Kieran Theivam who runs Women’s Soccer Zone was a sort of compère. Sharp-suited and clutching his iPad, Theivam greeted you in his soothing podcast voice then ticked you off the digital register.
With O’Neill on this momentous occasion were Belles legend Karen Walker and chirpy TV scouser Sue Smith, as well as a very special mystery guest…
The great and good of this famous old club descended on Doncaster’s Cask Corner Dive Bar, resulting in a healthy turnout. Everywhere you looked sparked vague flickers of recognition, faces who grin out from photos of Belles triumphs in years gone by. Gail Borman a prime example.
Janet Milner’s shock of blonde hair was also in evidence, a familiar sight for regulars at the Keepmoat where she is a steward. Goalie Milner was herself capped by England before a knee injury scuppered her Belles career and she turned her hand to coaching little ‘uns.
Legendary Liverpool manager Bill Shankly famously invited the press corps to circumnavigate his strapping new centre-half Ron Yeats. In much the same way, guests had to circumnavigate Belles’ current skipper Leandra Little to get to the bar!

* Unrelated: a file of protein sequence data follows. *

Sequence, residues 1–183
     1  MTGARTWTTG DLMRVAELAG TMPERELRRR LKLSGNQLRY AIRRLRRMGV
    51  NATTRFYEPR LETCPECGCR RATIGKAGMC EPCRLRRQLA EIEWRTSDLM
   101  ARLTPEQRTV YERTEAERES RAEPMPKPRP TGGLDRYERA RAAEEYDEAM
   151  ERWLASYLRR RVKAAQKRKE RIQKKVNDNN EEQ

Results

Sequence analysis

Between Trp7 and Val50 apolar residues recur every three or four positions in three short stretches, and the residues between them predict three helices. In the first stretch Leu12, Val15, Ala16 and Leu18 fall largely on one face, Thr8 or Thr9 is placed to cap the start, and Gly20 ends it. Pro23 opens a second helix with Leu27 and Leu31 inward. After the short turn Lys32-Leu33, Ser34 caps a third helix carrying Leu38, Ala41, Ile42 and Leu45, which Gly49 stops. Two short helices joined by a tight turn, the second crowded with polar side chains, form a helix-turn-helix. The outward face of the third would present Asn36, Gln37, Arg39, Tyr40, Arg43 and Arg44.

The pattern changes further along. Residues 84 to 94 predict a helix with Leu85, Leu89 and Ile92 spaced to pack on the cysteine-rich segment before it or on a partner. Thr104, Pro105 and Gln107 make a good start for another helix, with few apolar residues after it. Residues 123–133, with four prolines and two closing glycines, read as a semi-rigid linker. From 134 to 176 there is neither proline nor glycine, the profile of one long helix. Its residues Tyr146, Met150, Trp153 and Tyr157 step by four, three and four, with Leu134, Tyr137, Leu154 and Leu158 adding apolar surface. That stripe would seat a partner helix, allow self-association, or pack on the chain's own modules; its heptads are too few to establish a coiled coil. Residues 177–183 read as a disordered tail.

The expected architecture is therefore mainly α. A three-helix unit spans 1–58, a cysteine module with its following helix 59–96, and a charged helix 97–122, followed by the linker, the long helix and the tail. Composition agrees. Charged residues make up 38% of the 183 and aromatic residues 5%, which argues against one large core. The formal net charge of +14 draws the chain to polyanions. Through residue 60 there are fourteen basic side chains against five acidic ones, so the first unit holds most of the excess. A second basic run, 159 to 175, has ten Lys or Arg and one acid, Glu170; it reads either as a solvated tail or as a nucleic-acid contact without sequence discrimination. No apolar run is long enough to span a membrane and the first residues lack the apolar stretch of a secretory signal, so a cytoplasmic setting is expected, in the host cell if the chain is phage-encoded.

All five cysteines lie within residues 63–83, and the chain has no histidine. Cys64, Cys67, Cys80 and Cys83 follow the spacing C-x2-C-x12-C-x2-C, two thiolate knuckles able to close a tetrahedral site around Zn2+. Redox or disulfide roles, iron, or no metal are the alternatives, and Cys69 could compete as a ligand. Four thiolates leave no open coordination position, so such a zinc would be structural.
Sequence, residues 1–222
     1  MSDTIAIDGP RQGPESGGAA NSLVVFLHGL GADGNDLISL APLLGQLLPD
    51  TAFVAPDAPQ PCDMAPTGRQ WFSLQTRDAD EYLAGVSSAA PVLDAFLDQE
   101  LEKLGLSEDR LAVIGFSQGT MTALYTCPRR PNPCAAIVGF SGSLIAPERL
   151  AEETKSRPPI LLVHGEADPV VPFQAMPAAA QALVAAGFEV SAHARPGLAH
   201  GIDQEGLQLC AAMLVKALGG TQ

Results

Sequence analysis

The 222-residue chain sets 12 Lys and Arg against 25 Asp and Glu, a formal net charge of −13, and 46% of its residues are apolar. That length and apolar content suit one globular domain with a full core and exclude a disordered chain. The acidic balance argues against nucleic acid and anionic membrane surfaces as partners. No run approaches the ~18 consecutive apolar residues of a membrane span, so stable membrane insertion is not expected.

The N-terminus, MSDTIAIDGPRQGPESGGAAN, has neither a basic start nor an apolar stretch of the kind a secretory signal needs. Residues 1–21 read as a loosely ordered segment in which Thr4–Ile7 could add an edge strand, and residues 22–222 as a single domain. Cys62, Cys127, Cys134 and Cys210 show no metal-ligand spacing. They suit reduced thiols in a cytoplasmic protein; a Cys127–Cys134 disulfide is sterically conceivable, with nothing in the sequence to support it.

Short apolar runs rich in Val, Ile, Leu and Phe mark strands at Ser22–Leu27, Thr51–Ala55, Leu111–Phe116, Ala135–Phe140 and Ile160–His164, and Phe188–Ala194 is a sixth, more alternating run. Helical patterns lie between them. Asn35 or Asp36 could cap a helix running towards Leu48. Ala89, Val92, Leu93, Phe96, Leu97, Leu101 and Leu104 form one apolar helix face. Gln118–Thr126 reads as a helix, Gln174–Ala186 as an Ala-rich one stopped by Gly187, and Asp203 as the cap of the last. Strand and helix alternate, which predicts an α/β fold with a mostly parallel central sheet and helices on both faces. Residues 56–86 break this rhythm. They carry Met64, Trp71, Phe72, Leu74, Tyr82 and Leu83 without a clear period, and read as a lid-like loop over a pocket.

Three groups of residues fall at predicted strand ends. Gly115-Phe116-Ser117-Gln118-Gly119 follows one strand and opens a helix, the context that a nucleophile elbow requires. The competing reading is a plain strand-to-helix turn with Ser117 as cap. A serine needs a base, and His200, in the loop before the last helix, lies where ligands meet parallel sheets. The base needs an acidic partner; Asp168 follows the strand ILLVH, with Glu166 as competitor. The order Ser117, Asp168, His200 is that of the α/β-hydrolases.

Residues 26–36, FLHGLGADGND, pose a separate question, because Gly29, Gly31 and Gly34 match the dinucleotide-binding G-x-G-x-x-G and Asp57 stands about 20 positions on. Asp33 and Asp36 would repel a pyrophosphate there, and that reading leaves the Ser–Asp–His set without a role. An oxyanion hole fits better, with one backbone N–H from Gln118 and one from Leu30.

Other dignitaries included founder Sheila Edmunds, high-powered exec Faye Lygo and influential fans’ chief Sarah Maye. There was a smattering of youngsters, who must have been youth teamers, some with their dads.
It all added up to a very special vibe, if not an aura. If the #SHEKICKSBACK roadshow rolls round to Doncaster again there’s surely fertile ground for a follow up.
A range of drinks were available with Peroni (£4) among the offerings. On one occasion Peroni’s barrel needed changing so a Czech alternative, named Zot, or similar, was pressed into action. The crisps were of the premium, kettle chip variety: thick and crunchy but with a somewhat oily aftertaste.
The bubbly barmaid addressed customers as Doll. It seemed like a quaint Doncastrianism but subsequent checks with genuine Doncaster folk trashed this theory. The cosy venue afforded a handful of seats in three short rows as well as one or two comfy pleather sofas and standing room at the back.